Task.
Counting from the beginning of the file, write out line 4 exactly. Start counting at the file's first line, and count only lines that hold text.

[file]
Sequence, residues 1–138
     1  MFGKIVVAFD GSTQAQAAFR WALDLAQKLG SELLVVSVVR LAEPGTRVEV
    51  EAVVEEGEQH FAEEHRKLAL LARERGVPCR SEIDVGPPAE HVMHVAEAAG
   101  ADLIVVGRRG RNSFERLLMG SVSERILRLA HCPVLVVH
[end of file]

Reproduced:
   101  ADLIVVGRRG RNSFERLLMG SVSERILRLA HCPVLVVH